Eric Pater

A heart scare motivated one family to switch from processed and packaged foods to whole and homemade.
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A heart scare motivated one family to switch from processed and packaged foods to whole and homemade.

Eric Pater
Home: Rochester, MN
Age: 35
Background: Professional chef, husband and dad to 7-year-old Ocean and 5-year-old Ella.

When Eric Pater met Ellory, his wife of 11 years, two decades ago in high school, his heart skipped a beat. In the years since, it has skipped so frequently that eventually Eric paid it little attention. After they were married, Ellory herself began to notice these changes in his heart rhythm. A grimace passing across his face, a sudden breathlessness or a brief pause in the middle of a sentence suggested his heart palpitations weren’t simply a romantic reaction. Still, Eric insisted it wasn’t anything to be concerned about, until one morning in the spring of 2006.

“I said to Ellory, ‘You know how my heart beats funny?’ and next thing I know I’m in the emergency room at the Mayo Clinic in Rochester,” Eric says. “They threw me down and stuffed baby aspirin in my mouth, thinking I was having a heart attack.” Fortunately, it wasn’t a heart attack. Instead the cardiologists diagnosed atrial fibrillation. Even after a great deal of testing, however, they were not able to determine the cause. “When they released me, they told me that the only thing I could do for it was to try to minimize the episodes by eating a clean diet and exercising.”
Starting from scratch

Although Eric had always been a healthy eater – “I hadn’t eaten fast food in a decade, and I’d already cut out soda” – and at that point had been a professional chef for eight years, the emergency room visit and official diagnosis served as a catalyst for further change. “It forced me to really examine my diet in a new way.” He started by reading labels, and what he found convinced him to completely overhaul not only his own but his entire family’s eating habits by eliminating all processed food from their diet.
Pre-packaged and convenience foods may offer relief to many overworked parents, but they are highly processed to maximize their value on supermarket shelves. “If you look at the ingredients on the labels for most of them, you’ll find that they’re full of high fructose corn syrup,” Eric says.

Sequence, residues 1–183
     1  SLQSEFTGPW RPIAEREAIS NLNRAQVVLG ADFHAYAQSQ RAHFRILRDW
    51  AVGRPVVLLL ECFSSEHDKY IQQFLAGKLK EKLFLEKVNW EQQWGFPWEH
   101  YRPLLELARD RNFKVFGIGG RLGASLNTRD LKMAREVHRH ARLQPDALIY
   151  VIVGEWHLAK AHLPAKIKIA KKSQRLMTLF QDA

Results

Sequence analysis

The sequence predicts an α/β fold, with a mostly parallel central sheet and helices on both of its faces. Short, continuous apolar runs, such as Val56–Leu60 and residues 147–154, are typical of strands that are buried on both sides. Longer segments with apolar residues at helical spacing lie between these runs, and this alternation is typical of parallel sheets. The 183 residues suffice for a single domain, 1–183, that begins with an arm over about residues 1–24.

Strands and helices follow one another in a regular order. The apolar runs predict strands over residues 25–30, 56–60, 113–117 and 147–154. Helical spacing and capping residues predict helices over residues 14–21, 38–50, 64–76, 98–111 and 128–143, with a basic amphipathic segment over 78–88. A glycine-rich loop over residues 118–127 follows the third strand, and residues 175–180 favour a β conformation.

High fructose corn syrup (HFCS) is a processed sweetener that manufacturers use in place of sugar because it’s cheaper and its liquid form makes it easier to blend. There is growing controversy over the use of HFCS for its potential link to obesity, diabetes and insulin resistance. Eric decided to avoid HFCS entirely, and he started with bread. “We’d always bought pre-packaged whole-wheat breads, thinking they were healthy, but they have all these extra ingredients that aren’t,” he says. Thus, their dietary makeover officially began with the purchase of a bread-making machine.

Now three years into the process, Eric has discovered some simple ways to keep his family’s eating habits, well, simple. If he must buy something in a package, he checks the label not only for HFCS but for the total number of ingredients. “If there are 14 listed or I can’t pronounce some of them, it’s probably not worth it,” he says. Most weekends in the summer, he rides his bike to the farmers’ market and spends an hour and $50 to $100 on seasonal produce with the shortest possible farm-to-market time for maximum nutrient value. He buys meats and other organic ingredients at the supermarket and then spends Sunday cooking an entire week’s worth of meals. “I’m always struck when I finish unloading all the shopping that there’s nothing to eat,” he says with a laugh.
Family fare

Although Eric – who was honored as his city’s Best Chef in 2008 – creates dozens of complex entrées every night for his customers at the City Café in Rochester, Minnesota, he typically prepares three or four main items for the family. Big, hearty soups such as chili or chicken with vegetables, something “with substance” like a lasagna, and a cold option such as a quinoa salad are among their favorites. For lunch they love sandwiches, and to avoid the packaged deli meats Eric roasts pork tenderloin or turkey breast and slices it thinly to go between pieces of homemade bread.

Because Eric spends his days at home, his daughters, Ocean (7) and Ella (5), are often with him in the kitchen. They’re not only adventuresome eaters but budding sous-chefs who like to chop their own vegetables. “They’re so much more willing to eat something if they’ve had a hand in the prep,” Eric says. Interestingly, it’s Ellory who has been the toughest to convert. “I think she was raised on circus peanuts. She still craves jelly worms and Cheetos, but she’s gotten a lot better.” Desserts are allowed – even daily – as long as they’re made from scratch.
Eric commutes to work via pedal power now and is lighter on his feet in the restaurant kitchen after dropping 20 pounds in the first 10 weeks of switching to a purely homemade diet. His heart still falls out of rhythm on a daily basis, but the doctors agree that the right protocol is to monitor it and continue to eat well and exercise regularly. “I can accept my condition now,” Eric says, “because I know I’m doing everything I possibly can to keep myself healthy.”

Chef Eric’s Secrets to Menu Makeover Success:

Read the ingredient list on anything that comes in a package.

Bake your own bread using an automatic bread maker. Check out Eric's Clean Whole-Wheat Bread recipe here

Choose local, fresh ingredients over anything processed.

Make each dish with just six to eight ingredients and let the natural flavors emerge.

Indulge in the occasional treat. Desserts are fine as long as you make them yourself with CE-approved ingredients.

See also: Marcie Calvert's weight loss story.